The ground is hard, so bring a mallet to stake your tent down. We got stuck in a sandstorm at night and ended up hanging out in the tent playing card games till it passed. It was no joke though, we woke up with a layer of sand on us, inside the tent.
We camped here one night on our way to Mammoth from San Diego. We accessed via Emigrant Canyon Road off of Highway 190. The winding road is about 20 or miles off the highway to the site. The campground is a small gravel parking lot with a pit toilet and sites with fire rings. This place is way off the beaten path. It’s high above the desert floor and was actually cool at night in September. The highlight here are the incredible desert vistas. You get a little window from the site but a short hike or drive and you are looking at Death Valley below.
Can't beat the views in this BLM area! Not only can you off-road and explore all it has to offer you can hike or go into town with a quick drive. Love the dispersed camping and exploring you can do here. Nobody to bother you. This is our most favorite camping spot to date. The weather is fun to watch and the views of mt Whitney are incredible.
High desert meets Sierra Nevadas in a magical rock playground with views of My Whitney. This spot literally has it all. Right off the 395, you have access to civilization and amenities. It's dispersed camping, but heavily used sites are well established. The deeper into the park you venture, the more primitive and less crowded it becomes. Take a quick drive and you're at Whitney Portal. We lucked out and had 360 degrees of the best views ever! Loads to do here. Popular for rock climbing, hiking, spectacular night sky, wildflowers, photography. Even though it's right off the highway you feel like you're on another planet. No facilities. Pack it in, pack it out. Hands down, one of the best camp spots I've ever had!
My husband and I were at Death Valley 8 years ago (2011) staying in Furnace Creek hotel rooms. This year (2019) we returned with our tents as part of a California National Park tent trip and wow were we surprised! The park has had a major renovation with great shopping and options for your stay. With our senior park pass we get into the parks free and camping is 50% off, so our two night stay was a whopping $16.00. We drove up to the newly remodeled inn that has rooms for 350-600$ a night, and while we were there, someone was arriving via helicopter, truly a luxury resort. We learned that the owner of the LA kings hockey team has purchased the resort and has many improvements planned.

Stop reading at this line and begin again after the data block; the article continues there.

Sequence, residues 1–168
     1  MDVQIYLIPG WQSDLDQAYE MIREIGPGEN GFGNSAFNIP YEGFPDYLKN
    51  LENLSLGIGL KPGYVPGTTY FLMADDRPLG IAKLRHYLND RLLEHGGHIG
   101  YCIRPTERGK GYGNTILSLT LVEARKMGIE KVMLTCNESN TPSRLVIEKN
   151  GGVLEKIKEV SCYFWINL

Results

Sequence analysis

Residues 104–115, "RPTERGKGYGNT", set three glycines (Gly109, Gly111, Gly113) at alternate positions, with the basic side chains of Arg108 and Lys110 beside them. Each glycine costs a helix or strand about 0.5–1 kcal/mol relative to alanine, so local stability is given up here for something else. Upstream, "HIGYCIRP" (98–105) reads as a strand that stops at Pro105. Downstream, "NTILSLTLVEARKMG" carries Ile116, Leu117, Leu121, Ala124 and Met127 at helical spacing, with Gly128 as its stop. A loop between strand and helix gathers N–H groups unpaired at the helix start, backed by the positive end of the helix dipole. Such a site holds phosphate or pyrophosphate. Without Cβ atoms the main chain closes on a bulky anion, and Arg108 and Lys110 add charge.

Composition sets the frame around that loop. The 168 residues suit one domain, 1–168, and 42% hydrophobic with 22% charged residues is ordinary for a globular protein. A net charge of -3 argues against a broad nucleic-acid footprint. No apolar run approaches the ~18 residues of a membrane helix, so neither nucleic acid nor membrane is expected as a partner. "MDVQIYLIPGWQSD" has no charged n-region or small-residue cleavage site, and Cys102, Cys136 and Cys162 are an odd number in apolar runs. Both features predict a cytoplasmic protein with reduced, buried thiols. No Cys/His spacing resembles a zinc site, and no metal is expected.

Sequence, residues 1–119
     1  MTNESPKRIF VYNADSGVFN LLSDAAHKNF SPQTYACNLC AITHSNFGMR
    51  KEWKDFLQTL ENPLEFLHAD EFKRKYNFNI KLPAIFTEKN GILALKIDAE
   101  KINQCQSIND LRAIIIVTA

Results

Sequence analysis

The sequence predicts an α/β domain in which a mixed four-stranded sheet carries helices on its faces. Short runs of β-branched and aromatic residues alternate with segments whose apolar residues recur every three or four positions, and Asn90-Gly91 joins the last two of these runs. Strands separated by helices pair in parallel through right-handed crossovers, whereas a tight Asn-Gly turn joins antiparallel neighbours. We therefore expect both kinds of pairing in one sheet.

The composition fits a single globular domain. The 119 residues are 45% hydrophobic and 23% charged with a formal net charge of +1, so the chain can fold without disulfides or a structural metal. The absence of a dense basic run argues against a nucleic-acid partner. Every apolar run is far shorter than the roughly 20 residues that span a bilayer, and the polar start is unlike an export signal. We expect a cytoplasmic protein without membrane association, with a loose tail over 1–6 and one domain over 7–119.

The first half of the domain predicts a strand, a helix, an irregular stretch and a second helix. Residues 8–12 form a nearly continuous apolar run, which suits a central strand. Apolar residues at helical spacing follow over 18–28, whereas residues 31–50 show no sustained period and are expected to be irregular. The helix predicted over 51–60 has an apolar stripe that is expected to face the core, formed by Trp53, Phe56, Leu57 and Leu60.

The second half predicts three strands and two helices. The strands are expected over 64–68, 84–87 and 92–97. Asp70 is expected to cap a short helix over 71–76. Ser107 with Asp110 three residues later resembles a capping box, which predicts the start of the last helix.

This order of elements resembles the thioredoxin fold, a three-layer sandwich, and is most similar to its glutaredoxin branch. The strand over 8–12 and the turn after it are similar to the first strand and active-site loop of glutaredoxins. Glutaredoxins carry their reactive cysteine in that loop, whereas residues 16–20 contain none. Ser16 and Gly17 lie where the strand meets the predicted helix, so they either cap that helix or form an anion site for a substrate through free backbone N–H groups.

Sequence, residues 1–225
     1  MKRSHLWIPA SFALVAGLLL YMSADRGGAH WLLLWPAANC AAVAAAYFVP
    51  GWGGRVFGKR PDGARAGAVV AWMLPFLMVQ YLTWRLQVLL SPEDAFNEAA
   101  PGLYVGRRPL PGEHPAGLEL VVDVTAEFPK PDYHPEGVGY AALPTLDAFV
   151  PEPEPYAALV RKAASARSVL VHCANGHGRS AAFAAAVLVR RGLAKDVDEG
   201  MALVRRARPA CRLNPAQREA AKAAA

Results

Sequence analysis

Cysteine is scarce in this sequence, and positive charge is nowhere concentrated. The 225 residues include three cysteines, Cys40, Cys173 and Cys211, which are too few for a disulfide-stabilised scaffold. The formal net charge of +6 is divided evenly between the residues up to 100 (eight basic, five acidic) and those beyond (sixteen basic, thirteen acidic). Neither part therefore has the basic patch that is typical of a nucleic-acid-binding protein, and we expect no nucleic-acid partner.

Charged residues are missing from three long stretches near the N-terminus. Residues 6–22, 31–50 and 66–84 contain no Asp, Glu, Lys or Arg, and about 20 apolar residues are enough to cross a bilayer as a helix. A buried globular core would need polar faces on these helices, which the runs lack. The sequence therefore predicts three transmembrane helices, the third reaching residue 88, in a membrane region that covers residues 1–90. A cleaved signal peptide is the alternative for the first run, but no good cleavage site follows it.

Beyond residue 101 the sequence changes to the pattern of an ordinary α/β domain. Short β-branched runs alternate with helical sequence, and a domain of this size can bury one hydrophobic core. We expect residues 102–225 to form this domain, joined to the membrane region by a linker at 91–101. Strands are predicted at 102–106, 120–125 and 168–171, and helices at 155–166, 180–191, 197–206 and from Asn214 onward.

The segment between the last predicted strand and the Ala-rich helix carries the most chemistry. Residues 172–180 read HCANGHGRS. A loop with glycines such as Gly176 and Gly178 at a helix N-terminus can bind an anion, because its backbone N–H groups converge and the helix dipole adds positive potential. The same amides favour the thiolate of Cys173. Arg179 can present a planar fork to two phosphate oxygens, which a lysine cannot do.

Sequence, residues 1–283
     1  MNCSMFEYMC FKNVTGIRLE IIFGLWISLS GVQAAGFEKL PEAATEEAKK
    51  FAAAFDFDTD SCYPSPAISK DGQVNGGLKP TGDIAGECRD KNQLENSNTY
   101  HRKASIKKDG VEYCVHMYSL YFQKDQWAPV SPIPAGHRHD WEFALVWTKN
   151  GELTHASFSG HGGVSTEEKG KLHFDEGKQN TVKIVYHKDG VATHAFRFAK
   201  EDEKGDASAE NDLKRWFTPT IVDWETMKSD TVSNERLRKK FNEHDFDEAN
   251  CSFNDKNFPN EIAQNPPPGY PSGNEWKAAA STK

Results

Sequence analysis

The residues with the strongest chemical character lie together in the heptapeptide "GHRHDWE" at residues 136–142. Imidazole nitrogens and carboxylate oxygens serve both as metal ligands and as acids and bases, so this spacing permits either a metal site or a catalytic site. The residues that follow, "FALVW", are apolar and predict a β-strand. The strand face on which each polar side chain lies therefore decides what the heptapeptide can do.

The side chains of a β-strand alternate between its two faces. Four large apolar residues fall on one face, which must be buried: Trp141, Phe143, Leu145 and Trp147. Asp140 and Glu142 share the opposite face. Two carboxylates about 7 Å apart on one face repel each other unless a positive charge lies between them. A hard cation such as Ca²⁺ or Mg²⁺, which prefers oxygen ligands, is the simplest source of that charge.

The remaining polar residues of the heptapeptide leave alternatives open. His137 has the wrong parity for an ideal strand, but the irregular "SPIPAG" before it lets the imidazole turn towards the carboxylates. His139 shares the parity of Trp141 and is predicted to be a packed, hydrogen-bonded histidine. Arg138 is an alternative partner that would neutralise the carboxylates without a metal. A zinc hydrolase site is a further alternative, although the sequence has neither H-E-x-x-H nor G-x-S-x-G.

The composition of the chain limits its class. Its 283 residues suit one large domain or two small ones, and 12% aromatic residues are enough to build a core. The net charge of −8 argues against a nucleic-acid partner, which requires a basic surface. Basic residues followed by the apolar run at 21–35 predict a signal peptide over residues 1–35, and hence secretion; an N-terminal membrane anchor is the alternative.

We were reminded how far everything is within the park, you may choose to hike a trail and it may be an hour or two drive away, there is gas in the park, but you may a nice price for it! The main gas station in furnace creek had gas for $5.46 per gallon, however gas at the stovepipe wells was only $4.21.
We choose the hike to zabrieski point for sunrise and sunset, the natural bridge (very rough road) and the 8.5 round trip hike to wild rose peak which was very challenging.
This year, Scotty’s castle is closed until 2020 due to flood damage, so we were happy we had seen it on our prior visit.
We camped at furnace creek campground which is one of the few open after Memorial Day and is first come, first serve, no advance reservations. We arrived around noon and most sites were available, however later that night, most were occupied. The campground has many toilets with running water and flush toilets, and there is a dishwashing station by most bathrooms. There are tent sites and full hookup sites. There are trash dumpsters with areas for recycling and empty propane containers. Each site has a picnic table and fire ring.
There is a golf course, swimming pool, horse riding (closes in May), many nice restaurants and a spa.
Here’s the best deal, for 10$ per person you get a pool and shower pass for all day! The pool is awesome, spring fed warm water. The showers have massive pressure with hot water.
This is one of my all time favorite camping sites. It’s just a few miles west of Bishop. The site is famous for filming westerns and commercials. The rock formations are incredible along with the views of the Sierras. It’s dispersed camping at its best. You need to get a site before early afternoon since the word is out on this place. We drove a few miles in to one of the higher elevations sites. We came back just a few weeks later since this was such an epic place. Highly recommended if you are traveling along Highway 395 and heading up the eastern Sierra Mountains. There are no facilities at this site. You will need to bring everything including, water, food, and toilet. Even in the Fall when we visited it was very hot in the day from the direct sun. You will need to plan your visit carefully and have a heater at night and AC in the day. Great place for climbing and hiking. The town of Bishop is very close. They have a visitors center with a dump for black water and also fresh water and toilets. Site is a good location for those preparing to hike Mt Whitney.